Along with Lagos, Indonesia has become a new center for contemporary art. The latest big news is that the 10-member Indonesian collective ruangrupa has been chosen to curate Documenta, the forward-looking art mega-event in Germany. The country also now has its first contemporary art museum, which opened in Jakarta in 2017.
It has A-list artists, too. Balinese artist I Nyoman Masriadi used to sell souvenir paintings to tourists in Bali…now his work goes for more than $1 million at auction. (So, if you were drawn to those paintings that vendor was hawking on the beach, trust your instincts.) This makes Masriadi the top contemporary auction-house artist in Southeast Asia. But is his success evidence of a growing creative ecology, or a lone exception? Are other Indonesian artists making real money and finding a way to make a life in art?
The building blocks of a creative ecology seem to be falling into place. Another Balinese artist, I Made Aswino Aji, helped initiate Art Bali along with Heri Pemad, who also founded ARTJOG, Indonesia’s foremost contemporary art fair. Quoted in the Jakarta Post, Awino Aji said, “Our aim is to help build a sustainable art ecosystem in Bali.”
Bali is not very big, but if one includes the rest of Indonesia the prospects for a sustainable ecology are looking pretty good. A number of institutions have emerged in recent years. The OHD Museum near Yogyakarta, the biennale Jakarta 32°C, the National Gallery of Indonesia, the media arts festival OK Video, the Cemeti Art House (an incubator) and Art Stage Jakarta, an art fair. There is the journal Karbon. There is the Indonesian Institute of the Arts, the Jakarta Biennale and Biennale Jogja.
Who’s going to buy this stuff? There are more billionaires in Indonesia than in Japan, and a rising middle class. Along with this, there is a growing international interest in the local artists. I am most encouraged that these artists and institutions don’t automatically feel obliged to work in the “global style.”
Here is the title of the 2017 Biennale Jogja:
The opening ceremonies at the Jakarta Biennale (there are so many biennials!) featured gender non-binary priests from Sulawesi, an Indonesian island east of Borneo.
Although the smaller city of Yogyakarta is often viewed as the cultural capital of Indonesia, a couple of years ago the Museum MACAN opened in the business capital, Jakarta.
With this museum, one will expect to see a similar knock-on effect as with the Zeitz MOCAA museum in Cape Town. These institutions generate respect and provide a showcase for local artists…but by themselves they’re not enough—they are only one piece of what is needed for a functioning ecology.
When it opened, MACAN showed a piece by the artist Arahmaiani that combines Hindi yoni and lingam genital symbols over Arabic script. This piece, made in 1994, sparked outrage, and the artist received death threats and had to leave the country. Now it’s being seen again, and a more open attitude seems to be emerging. Indonesia is the worlds largest Muslim-majority country, and this kind of tolerance is important if a creative ecology is to take hold and thrive.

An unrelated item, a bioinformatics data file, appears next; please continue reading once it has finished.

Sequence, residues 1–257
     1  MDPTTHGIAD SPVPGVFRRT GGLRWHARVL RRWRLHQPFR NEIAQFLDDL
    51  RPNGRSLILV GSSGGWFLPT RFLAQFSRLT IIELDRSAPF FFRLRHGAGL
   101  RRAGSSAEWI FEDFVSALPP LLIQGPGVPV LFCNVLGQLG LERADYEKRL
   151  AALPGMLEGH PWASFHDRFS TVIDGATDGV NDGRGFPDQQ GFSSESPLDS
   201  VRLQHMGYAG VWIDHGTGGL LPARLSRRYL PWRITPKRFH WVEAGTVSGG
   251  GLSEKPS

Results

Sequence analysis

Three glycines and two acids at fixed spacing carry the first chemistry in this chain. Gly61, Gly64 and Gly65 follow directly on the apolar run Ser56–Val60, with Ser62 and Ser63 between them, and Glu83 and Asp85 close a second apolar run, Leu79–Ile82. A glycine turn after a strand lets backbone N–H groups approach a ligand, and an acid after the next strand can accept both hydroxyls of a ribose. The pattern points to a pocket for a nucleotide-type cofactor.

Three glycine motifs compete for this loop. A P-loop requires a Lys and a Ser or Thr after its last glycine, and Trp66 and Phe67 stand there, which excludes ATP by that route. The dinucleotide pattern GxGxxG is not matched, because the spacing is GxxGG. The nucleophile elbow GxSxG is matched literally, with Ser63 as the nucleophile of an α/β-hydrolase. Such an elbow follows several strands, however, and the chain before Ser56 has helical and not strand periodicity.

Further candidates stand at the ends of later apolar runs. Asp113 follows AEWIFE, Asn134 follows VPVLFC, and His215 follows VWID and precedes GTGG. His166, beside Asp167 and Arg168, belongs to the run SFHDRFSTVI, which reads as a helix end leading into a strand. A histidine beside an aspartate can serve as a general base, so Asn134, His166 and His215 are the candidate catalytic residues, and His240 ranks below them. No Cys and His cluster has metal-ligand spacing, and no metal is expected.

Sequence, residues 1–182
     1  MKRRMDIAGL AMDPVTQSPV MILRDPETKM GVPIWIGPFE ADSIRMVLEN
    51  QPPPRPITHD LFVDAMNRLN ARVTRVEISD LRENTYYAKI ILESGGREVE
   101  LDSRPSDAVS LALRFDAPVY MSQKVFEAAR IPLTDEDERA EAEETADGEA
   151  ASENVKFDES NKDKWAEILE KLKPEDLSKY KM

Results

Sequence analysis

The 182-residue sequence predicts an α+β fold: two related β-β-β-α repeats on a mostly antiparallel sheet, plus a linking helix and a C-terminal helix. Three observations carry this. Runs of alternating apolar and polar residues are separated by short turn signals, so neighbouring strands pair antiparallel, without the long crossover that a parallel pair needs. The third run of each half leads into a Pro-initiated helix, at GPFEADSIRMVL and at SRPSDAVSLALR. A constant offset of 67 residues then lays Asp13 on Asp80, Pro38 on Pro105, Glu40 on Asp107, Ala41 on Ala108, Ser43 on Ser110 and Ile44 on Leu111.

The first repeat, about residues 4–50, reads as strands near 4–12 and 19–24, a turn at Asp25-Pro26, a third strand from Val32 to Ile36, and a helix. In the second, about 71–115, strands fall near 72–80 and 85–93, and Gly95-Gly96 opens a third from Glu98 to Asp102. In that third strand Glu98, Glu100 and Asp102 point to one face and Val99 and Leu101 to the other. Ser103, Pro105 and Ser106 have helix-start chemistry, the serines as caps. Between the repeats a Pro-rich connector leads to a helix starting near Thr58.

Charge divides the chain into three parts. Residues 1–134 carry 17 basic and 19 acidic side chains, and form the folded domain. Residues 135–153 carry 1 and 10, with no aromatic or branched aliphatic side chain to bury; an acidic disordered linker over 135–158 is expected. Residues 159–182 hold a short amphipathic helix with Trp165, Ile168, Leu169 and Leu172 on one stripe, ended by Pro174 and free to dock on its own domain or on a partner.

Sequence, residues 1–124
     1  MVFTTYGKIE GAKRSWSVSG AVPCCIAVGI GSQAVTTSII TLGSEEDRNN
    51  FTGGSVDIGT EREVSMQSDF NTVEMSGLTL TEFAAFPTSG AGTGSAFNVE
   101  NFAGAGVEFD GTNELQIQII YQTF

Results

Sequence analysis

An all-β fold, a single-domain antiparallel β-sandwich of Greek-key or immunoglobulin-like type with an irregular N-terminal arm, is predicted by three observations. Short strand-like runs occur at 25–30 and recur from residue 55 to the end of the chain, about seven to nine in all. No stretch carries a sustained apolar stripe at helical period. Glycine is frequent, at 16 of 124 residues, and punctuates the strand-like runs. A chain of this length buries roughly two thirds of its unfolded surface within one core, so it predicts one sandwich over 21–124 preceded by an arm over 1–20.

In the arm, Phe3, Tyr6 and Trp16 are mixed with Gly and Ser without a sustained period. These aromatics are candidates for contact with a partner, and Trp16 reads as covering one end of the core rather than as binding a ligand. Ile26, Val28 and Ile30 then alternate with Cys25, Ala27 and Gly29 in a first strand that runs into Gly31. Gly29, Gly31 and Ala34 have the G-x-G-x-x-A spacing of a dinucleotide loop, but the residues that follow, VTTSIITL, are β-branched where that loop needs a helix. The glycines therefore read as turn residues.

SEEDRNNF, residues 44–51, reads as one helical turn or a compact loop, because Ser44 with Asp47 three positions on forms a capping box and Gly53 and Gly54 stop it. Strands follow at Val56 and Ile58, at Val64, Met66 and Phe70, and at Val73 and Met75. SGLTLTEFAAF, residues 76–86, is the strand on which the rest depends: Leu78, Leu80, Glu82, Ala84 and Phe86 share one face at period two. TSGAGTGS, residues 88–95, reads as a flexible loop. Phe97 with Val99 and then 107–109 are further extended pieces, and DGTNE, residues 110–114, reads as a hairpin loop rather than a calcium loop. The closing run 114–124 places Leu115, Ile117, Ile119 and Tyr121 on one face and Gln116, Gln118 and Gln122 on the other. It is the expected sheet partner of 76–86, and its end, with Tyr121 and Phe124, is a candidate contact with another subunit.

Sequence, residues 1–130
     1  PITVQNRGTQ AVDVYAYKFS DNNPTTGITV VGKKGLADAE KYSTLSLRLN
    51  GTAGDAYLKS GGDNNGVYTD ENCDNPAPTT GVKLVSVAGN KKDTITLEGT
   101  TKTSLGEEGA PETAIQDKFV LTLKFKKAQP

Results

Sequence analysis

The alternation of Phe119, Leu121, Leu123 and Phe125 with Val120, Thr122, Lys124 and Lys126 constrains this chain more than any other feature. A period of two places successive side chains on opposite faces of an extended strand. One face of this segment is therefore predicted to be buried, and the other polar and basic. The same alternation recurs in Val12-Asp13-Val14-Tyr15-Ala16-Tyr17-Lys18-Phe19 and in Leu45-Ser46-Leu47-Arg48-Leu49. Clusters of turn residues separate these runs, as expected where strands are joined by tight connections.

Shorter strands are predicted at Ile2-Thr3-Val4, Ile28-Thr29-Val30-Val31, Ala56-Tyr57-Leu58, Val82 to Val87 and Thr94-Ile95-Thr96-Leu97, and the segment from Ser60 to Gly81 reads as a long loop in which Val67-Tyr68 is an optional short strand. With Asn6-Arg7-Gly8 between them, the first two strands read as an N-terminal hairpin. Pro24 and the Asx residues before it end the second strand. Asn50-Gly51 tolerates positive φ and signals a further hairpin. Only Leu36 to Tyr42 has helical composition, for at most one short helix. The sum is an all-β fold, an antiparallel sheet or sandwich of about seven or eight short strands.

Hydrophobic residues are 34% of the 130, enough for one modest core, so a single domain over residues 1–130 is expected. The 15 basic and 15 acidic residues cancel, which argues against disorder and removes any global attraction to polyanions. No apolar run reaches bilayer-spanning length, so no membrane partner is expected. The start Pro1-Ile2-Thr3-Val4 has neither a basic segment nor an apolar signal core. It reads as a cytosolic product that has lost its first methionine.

MACAN also recently featured an exhibition of work by Jeihan Sukmantoro, who in the 1960s and ‘70s made art about his home in Cicadas, West Java, an area known for prostitutes and petty crime. He painted the people from the neighborhood and turned his house into a community hangout (he was one of the few who owned a TV.) What he did in that place and at that time was incredibly important, but now much has changed.
The biggest of these changes is that Indonesia, ruled by a dictatorship until 1998, is now a free country. Back then, art often focused on social issues and incorporated local and traditional elements. But since the reformasi, the energetic reform movement that arose after the dictatorship ended, the mood has relaxed a bit. There are now dozens of collaboratives and collectives and the attitude is more playful.
The journal Afterall says that one could compare the contemporary art scene to karaoke: participatory, slightly chaotic, a mish-mash of global and local subcultures. The ruangrupa space is described as more of a clubhouse than a traditional Western exhibition space. It’s always open, there’s a library and a lab, and it’s known as a place for parties.
From the Jakarta Post:
Ade Darmawan, ruangrupa’s director, says about their ambitions for participating in Documenta, “If Documenta was launched in 1955 to help heal war wounds why shouldn’t we focus on today’s injuries, especially ones rooted in colonialism, capitalism or patriarchal structures and contrast them with partnership-based models that enable people to have a different view of the world?”
“Runagrupa is not just a collective of artists. Our backgrounds vary diversely and geographically. Everyone contributes their part equally, like in a band.” (I wonder if he was ever in a band!? —DB)
And in an interview with the art magazine Nafas:
“The artist should no longer position himself as a ‘prophet’ or ‘healer,’ as the center of consciousness and master of a language that is not that of the broad public or understood by it…Many groups that come to ruangrupa do so because they are interested and because they can make a connection between their everyday reality and our events.”
It’s doubly exciting that these artists and collectives are working in their own ways, tackling their own histories and identities, and keeping an eye on the need to build a scene that will be long lasting and supportive for everyone. It’s completely different from the sometimes competitive loner mentality we have in New York, and we know-it-alls could learn from them how to make our own art and ecology more open, fun and responsive.
This story is part of a collection called Art is Everywhere: Stories about artists making a living in unexpected places. Read more here. Also in this series from David Byrne, a tour of the art scenes in Kochi and Lagos.